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Very nice camp site on an isolated part of the Tarawa atoll, administered by the government and supervised by a watchman, his old father, his dog and his cat. The best way to get there is to pay somebody to take you by boat. It is possible to go by minibus to the northern end of the road and by foot the rest of the way, but this is only possible when the tide is low!
Updated Apr 20, 2005
Address: Pay in advance at presidents office, Bairiki
Phone: 686 21183
The first day of our stay at Otiintai we saw a big tunafish laying outside the hotel kitchen, and we could smell it the rest of our stay. Not that it smelled badly, but anything we ate in that hotel had the taste of tunafish afterwards, even the steak. Maybe they have only one frying pan, and maybe they don't wash it very often?
When people in Kiribati are hungry, they can walk out into the lagoon and throw their fishing net in the water, they will always catch something. Theese lobsters (or whatever they are) tasted quite OK, but sometimes the seafood had a funny taste, not only from the tunafish but something else ... Does it have to do with the fact that the sewer runs into the lagoon? We did not get sick, but it wasn't very apetizing ...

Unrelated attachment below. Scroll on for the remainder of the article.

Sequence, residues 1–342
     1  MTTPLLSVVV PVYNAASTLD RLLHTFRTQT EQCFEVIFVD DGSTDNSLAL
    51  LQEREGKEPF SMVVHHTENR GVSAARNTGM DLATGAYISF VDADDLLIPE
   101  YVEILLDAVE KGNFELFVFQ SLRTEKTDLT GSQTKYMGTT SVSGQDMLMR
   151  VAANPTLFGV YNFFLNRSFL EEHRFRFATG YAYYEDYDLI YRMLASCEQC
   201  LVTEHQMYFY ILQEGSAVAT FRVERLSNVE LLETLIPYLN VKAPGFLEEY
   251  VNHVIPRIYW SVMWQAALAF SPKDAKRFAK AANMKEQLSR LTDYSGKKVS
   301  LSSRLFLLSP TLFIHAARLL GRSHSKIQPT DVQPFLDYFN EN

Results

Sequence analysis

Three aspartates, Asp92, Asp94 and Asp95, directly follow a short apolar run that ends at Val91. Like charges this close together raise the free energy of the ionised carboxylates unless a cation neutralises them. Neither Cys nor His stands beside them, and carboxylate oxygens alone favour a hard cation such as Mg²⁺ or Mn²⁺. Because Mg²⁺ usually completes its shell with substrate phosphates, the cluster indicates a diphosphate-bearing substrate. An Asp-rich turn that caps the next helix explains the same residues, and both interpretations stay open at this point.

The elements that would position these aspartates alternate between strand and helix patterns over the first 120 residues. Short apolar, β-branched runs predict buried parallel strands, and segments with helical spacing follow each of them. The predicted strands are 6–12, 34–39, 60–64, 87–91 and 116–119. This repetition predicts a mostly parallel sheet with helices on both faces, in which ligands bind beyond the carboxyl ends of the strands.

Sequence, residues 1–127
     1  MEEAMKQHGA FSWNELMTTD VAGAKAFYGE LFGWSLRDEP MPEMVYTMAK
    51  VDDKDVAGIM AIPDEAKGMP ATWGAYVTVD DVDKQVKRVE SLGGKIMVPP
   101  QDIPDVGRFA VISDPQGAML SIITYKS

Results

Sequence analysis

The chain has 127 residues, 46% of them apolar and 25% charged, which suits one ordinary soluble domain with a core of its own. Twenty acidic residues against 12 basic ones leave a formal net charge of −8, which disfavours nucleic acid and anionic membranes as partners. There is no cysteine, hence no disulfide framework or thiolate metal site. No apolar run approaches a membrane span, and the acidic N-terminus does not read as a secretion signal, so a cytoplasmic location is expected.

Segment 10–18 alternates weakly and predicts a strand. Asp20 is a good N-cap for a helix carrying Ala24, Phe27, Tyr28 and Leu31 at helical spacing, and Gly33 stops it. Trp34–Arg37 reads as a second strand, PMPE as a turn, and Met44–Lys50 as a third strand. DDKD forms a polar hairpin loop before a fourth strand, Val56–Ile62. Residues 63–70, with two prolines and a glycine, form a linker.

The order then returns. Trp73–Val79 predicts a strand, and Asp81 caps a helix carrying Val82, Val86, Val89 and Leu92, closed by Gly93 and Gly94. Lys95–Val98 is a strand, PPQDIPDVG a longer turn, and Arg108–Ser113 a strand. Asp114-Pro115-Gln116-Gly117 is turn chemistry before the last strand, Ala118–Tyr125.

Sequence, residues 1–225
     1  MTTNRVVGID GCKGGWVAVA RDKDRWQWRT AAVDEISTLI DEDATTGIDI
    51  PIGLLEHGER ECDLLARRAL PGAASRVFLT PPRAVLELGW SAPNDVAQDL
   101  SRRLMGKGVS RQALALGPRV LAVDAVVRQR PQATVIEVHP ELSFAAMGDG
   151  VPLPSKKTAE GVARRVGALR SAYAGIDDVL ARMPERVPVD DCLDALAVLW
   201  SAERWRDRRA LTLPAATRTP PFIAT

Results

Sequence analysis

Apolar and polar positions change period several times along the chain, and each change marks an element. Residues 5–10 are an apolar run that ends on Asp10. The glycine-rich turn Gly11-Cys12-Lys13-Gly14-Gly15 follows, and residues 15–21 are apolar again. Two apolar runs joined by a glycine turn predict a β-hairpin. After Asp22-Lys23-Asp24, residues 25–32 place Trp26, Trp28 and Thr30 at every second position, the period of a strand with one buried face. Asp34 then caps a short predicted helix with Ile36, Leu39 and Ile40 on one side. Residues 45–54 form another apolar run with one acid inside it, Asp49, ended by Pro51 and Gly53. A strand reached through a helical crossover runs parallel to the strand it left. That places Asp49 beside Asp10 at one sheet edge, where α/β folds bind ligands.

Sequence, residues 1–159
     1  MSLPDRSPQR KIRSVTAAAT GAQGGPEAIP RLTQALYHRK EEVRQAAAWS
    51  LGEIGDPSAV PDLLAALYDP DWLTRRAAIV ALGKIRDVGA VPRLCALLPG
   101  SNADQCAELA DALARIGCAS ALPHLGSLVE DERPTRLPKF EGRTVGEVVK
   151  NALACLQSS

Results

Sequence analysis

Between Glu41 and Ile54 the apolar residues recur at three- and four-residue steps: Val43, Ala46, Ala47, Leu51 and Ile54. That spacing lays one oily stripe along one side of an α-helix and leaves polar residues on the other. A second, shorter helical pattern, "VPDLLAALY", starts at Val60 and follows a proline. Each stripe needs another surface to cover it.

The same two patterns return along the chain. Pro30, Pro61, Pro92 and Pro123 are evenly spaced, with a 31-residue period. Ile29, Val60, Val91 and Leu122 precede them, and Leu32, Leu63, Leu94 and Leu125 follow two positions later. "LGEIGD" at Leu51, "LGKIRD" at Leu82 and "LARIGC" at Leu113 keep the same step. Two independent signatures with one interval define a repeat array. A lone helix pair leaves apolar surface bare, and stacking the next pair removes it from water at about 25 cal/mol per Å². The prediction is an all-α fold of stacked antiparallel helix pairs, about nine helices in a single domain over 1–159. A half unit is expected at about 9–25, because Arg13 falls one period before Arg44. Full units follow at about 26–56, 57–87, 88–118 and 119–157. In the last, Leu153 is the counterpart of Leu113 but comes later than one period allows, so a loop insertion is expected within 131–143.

Favorite Dish: Seafood.
Updated May 25, 2005
Address: Otiintai Hotel
Most of the places we ate they tried to sell some kind of western or asian inspired food, often with imported ingredients. The food was often quite tasteless. I don't know why, when they have an ocean full of fish, lobsters, shell ..., and they do have their own vegetables and fruits, depending on the local habitat on the different islands.
The absolutely best meal we tasted during our 3 1/2 week stay on the Gilberts, was made in this kitchen. Our friend Keetia from Otiintai Hotel invited us to her families home in a nearby village. Her sister in law was the cook.
There are good "restaurants" on Tarawa, take a look at AyrinHiro's Kiribati page, they seem to be very satisfied with the food in Mauri Paradise Resort.
Updated May 25, 2005
Address: Bikenibeu, Tarawa
The road on Tarawa is trafficated by minibuses with 12 passanger seats and a wooden bench. Most of them are family run, with the man driving and the wife selling tickets, but a few companies have up to five buses. They stop wherever you want, and the fare is low. But you must expect to sit in someones lap or to have somebody sitting in yours. Our favorite hobby while travelling around was counting passangers, maximum was 24!
Written Apr 20, 2005